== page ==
How to Tell If Your Curling Iron Is Past Its Prime

Written by

Nothing lasts forever, and the same is true for your styling tools. No matter how much you love your hot tools, you can’t keep the same ones forever. So, how can you tell when it’s time to toss and when you can ride it out? We recruited Julia Venturin, hair extensions expert and affiliate marketing coordinator at Luxy Hair, for a crash course in hot tool help. She broke down everything we never knew we had to know about post-prime curling irons. Consider yourself forewarned, you might want to grab your old faithful and say goodbye after this.

What to Look For

According to Julia, there are several ways to know if a curling iron or hot tool is past its prime. “You’ll notice that over time, the barrel of your curling iron can become damaged with scratches, dents, and other signs of wear and tear. If you’re detecting a funky smell while curling your hair, it can be a sign that the internal motor or electrical wiring needs to be replaced. Not only can this odor transfer to your hair, but it can also be dangerous if ignored,” she explains.

“Additionally, if the temperature is starting to show signs of change, whether becoming cooler or overheating, this is a sign that your curling iron is no longer performing as it should and needs to be replaced. If you are going over a certain section of your hair more than you normally would, that’s also a telling sign that you need to replace your tool.”

Wear and Tear

Typical signs of wear and tear include barrel plates with scratches and dents or coating that has worn away in certain places, making the barrel heating surface uneven. “Frayed or damaged wires are also a serious sign of wear and tear,” Julia notes.

Look Out for Your Locks

An old hot tool doesn’t sound pretty, but not only that, it will leave your mane looking like it wasn’t styled properly. And I know if you put in all that work, that’s the last thing you want. Who wants to blame their iron for bad hair? “When your barrel plates get scratched or dented, or the coating has worn off, it can alter the finished style because of the uneven heating surface. More importantly, it can damage your hair by clinging or pulling on the hair. Repetitive use with an old tool can also cause the hair to lose its shine,” she continues.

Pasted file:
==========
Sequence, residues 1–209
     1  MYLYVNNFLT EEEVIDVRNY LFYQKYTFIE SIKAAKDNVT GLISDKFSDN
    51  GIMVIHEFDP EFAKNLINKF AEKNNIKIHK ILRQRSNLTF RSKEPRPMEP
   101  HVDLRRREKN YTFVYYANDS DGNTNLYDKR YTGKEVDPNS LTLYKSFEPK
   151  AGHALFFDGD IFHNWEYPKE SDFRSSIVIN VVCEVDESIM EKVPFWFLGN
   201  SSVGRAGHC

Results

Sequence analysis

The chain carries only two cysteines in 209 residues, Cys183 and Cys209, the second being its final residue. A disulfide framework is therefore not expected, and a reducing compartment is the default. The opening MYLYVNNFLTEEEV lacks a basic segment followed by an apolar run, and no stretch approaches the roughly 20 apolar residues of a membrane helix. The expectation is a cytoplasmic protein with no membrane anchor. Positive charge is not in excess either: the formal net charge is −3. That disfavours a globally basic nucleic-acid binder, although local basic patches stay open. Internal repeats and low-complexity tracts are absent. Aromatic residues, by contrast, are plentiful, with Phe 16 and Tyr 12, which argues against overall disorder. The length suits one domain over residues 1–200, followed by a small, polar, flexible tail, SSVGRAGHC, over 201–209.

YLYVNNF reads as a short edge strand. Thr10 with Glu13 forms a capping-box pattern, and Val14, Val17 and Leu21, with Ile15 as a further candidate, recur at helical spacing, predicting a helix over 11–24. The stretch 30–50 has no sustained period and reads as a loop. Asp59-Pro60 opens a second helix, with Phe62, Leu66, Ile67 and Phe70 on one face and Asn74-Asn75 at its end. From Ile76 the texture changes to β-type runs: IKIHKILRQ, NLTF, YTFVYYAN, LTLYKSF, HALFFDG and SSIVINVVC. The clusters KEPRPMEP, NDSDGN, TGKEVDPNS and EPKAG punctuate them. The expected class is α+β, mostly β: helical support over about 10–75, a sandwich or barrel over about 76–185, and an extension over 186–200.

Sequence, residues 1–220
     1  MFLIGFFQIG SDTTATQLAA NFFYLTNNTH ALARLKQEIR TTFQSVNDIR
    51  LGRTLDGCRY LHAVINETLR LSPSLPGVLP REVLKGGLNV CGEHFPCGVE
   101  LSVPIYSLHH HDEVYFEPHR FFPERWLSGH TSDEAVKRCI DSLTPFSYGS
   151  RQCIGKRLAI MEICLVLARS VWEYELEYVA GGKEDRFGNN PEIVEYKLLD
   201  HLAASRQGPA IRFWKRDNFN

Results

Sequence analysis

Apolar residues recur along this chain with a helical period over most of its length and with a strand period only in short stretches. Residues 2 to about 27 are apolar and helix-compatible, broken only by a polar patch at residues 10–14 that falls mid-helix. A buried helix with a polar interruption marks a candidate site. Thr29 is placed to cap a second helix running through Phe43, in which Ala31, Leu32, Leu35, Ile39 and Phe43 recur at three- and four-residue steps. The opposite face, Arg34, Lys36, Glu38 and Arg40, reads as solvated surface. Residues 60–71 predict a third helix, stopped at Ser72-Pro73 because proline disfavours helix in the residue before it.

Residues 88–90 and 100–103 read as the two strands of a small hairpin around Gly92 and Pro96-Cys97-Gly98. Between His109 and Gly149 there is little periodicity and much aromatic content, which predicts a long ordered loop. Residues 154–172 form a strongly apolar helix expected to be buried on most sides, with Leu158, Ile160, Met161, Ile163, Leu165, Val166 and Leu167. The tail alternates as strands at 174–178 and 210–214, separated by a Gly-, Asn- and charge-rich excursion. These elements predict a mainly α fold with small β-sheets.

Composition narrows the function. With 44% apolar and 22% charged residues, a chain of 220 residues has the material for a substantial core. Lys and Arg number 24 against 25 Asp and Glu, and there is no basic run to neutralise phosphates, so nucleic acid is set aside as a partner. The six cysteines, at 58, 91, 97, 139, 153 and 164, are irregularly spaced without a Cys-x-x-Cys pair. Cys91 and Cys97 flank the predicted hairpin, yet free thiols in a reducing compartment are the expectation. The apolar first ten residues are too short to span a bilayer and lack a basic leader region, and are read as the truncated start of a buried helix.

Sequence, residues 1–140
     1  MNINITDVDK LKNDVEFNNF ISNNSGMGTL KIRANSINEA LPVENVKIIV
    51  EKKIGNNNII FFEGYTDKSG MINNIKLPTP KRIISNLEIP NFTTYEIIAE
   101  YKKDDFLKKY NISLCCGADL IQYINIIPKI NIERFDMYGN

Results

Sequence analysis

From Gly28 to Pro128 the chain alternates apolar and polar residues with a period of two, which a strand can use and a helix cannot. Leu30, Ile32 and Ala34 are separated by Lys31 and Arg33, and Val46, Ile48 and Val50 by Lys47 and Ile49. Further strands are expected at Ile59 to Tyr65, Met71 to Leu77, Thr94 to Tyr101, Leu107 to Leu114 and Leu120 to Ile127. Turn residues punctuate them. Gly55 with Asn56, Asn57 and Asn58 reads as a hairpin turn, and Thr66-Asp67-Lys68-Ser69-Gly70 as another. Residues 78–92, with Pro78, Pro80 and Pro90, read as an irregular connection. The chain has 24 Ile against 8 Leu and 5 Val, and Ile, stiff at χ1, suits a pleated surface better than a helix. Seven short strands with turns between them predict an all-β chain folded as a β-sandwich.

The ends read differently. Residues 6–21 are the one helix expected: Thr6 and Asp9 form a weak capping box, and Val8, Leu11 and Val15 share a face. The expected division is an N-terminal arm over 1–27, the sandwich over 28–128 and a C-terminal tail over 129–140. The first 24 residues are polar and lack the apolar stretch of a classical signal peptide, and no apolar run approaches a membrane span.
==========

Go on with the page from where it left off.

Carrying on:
Julia advises that before using any heat tool on your hair, it is recommended to also spray your hair with a heat protectant. Using an old iron can damage your hair just due to the pulling or clinging that can happen. Another way you can damage your hair with a hot tool is using products like hairspray; sticky product can build up over time and end up burning your hair.

Shelf Life

Curling irons are typically made to last anywhere between 500 to 1,000 hours. If you rarely go a day without turning on your trusty curler, it will run through its lifespan fairly quickly compared to if you just use it once a week. “It’s important to invest in a high-quality curler,” shares Julia. “Two things that you’ll want to consider before buying your next curling iron are the material it’s made of and the temperature setting. Irons with a mix of ceramic and tourmaline coating (like the new Luxy Hair curler) reduce breakage and damage, prevent frizz, enhance shine, and emit negative ions that counteract the positive ions in dry or damaged hair.”

In any case, you’ll want a curling iron that has adjustable heat settings. “When you’re selecting a heat setting on your hot tool, always consider the natural texture of your hair. If you have baby fine hair, opt for the lowest setting possible. And even if you have a thick mane, be careful when cranking up the heat.”

Suddenly in the market for a new curling iron after reading this post? HERE are the best curling irons at every price point!